Finally, before I conclude, allow me to address some of the topics of this important symposium on trade as an engine for sustainable development. We know that export-led growth cannot be an option for all economies all of the time. This is particularly true for systemically large economies, like Indonesia. In recent years, a consensus has emerged that much greater attention should be given to expanding domestic demand. It is important to realize however, that this focus on domestic demand should not be at the expense of trade policies. Pursuing synergy between macroeconomic, trade and industrial policies can serve the processes of structural transformation and catching up. Producers in developing countries have the advantage of proximity to their own markets and those of their region. If many trade partners in the developing world were to expand their domestic demand simultaneously, they could become markets for each other's goods and services and thereby improve each other's exports and balance-of-payments.
Domestic demand in Indonesia, as in other countries in the region, such as India, the Philippines and Thailand, has supported output growth in the region as a whole thanks to a range of strategic policy measures. Indonesia, the largest economy in Southeast Asia expanded by 5.8 percent last year and its annual growth is expected to remain strong by global standards. However, if weaker commodity demand from China and Japan puts downward pressure on output, then the world's biggest exporter of palm oil, thermal coal, tin and nickel ore, could benefit from refining its demand policies.
While trade has been instrumental in lifting Indonesia's growth in the last fifteen years, it seems that the post-crisis landscape may not offer the same buoyant external environment as before. Not least, environmental concerns could mean that global consumers are less willing to use palm oil, and solar is increasingly a powerful competitor to coal. UNCTAD, along with other international agencies, is looking again at the role of industrial policy in the process of structural transformation and economic diversification, and we would be happy to engage further with Indonesian policy makers on refining our advice on this issue.
I am pleased to note that today's symposium tackles the issue of trade as an engine and enabler through the lens of small and medium enterprises and global value chains. These are important topics at the heart of UNCTAD's work. In Asian countries, small and medium enterprises contribute to more than 80% of output and jobs. Small and medium enterprises are indeed the key not only to inclusive growth, but are also critical for generating innovation and helping industries technologically upgrade up the value chain.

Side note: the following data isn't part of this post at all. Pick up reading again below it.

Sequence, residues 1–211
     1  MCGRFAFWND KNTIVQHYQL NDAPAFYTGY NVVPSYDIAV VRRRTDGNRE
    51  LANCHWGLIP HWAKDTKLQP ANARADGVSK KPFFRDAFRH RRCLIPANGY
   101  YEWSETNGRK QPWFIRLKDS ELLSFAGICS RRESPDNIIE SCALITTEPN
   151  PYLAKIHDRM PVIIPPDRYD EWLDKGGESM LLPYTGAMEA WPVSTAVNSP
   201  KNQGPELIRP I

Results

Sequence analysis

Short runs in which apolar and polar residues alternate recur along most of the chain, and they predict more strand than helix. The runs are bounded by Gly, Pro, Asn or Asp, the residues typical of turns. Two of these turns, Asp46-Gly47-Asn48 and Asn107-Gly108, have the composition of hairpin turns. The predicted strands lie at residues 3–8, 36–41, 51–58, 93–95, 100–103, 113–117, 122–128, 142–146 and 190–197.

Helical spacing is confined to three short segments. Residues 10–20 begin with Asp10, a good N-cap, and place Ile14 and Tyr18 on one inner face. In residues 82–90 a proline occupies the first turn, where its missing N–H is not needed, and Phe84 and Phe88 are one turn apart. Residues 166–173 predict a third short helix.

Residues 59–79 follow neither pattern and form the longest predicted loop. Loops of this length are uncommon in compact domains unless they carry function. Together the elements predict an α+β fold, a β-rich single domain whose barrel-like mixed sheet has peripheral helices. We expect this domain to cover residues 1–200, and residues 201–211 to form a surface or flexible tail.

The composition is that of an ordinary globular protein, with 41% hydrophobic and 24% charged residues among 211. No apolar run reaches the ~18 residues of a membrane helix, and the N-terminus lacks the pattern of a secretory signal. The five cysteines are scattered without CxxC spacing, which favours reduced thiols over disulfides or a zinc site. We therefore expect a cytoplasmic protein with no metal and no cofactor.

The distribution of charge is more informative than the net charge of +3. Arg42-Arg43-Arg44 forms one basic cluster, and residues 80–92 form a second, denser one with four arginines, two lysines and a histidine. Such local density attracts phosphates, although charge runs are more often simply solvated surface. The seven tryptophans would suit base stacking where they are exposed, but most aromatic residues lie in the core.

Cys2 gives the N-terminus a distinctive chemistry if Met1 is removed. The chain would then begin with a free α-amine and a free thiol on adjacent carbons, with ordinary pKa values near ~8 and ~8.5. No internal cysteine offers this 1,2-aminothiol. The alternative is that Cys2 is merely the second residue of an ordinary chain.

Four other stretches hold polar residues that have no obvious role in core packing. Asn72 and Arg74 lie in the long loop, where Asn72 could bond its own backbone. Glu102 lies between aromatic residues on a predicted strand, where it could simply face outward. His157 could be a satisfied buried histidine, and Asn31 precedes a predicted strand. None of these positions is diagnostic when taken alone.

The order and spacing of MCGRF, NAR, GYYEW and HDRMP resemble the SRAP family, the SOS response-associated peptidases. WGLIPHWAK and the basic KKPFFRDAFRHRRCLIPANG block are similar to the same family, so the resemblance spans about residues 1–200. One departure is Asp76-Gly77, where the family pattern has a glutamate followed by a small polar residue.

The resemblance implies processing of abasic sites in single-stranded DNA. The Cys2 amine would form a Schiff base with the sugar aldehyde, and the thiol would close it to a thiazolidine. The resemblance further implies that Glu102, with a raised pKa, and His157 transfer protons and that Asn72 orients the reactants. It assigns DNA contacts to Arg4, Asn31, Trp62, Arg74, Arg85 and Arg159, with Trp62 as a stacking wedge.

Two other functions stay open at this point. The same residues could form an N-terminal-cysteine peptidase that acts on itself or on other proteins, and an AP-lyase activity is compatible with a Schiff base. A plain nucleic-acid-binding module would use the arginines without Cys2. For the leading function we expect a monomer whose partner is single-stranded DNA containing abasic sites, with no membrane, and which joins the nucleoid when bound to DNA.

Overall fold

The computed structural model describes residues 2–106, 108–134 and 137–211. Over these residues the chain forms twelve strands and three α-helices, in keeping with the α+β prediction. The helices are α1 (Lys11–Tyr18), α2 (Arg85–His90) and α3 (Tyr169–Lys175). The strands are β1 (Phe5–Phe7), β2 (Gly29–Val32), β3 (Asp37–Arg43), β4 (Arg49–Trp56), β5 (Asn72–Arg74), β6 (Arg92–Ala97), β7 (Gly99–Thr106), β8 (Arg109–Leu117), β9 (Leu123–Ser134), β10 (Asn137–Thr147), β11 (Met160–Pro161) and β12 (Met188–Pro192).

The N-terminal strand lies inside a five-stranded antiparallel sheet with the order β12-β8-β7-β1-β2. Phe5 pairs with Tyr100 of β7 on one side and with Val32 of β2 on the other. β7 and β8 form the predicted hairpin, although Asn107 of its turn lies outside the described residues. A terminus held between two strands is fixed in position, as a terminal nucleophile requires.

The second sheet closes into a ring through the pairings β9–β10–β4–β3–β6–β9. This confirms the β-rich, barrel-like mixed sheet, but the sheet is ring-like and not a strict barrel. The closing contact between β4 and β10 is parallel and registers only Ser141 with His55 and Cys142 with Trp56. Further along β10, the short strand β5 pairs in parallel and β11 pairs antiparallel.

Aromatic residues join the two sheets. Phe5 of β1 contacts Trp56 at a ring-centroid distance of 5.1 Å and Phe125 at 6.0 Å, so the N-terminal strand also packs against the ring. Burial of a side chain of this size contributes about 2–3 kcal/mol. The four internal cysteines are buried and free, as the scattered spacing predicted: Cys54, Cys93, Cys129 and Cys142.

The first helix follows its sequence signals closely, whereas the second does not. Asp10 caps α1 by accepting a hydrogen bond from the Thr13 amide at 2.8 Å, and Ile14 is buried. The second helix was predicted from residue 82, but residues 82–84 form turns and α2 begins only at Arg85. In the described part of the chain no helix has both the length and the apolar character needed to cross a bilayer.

As countries seek to stimulate further domestic demand, the integration of small and medium enterprises into global value chains will not only create more jobs but will also allow a broader segment of the population to benefit from the interdependence of the global economy. UNCTAD research estimates that 80% of global trade -- more than US$20 trillion -- involves global value chains. As products or services move from conception to end user along the global value chain, there are more than enough opportunities for small businesses to get involved. In this regard, I look forward to learning the insights and policy recommendations that will emerge from today's symposium.
Ladies and Gentlemen,
Two years ago, Indonesia expressed concern that the "developing world must have a greater voice in economic decision-making" in order to develop fair trade policies and relieve global pressures on employment. Indonesia called on UNCTAD to strengthen cooperation and partnership for trade and development. And today, UNCTAD is doing just that.
In conclusion, let me emphasize that Indonesia has played a pivotal part not only in the creation of UNCTAD but throughout its fifty years of existence. We hope this beautiful country, and indeed all of our member states -will continue to support our efforts to build a more equitable, stable and efficient global economic system. We are looking back on our colourful past, but also forward to a relevant and engaged future. Since our founding UNCTAD has served as platform for the South to promote its collective economic interest. Solidary and unity of G-77 has been the crucial element which enabled UNCTAD to play that important role. Harnessing South-South cooperation to a broader vision of development action could offer UNCTAD an important opportunity to strengthen its voice on 21st century development challenges.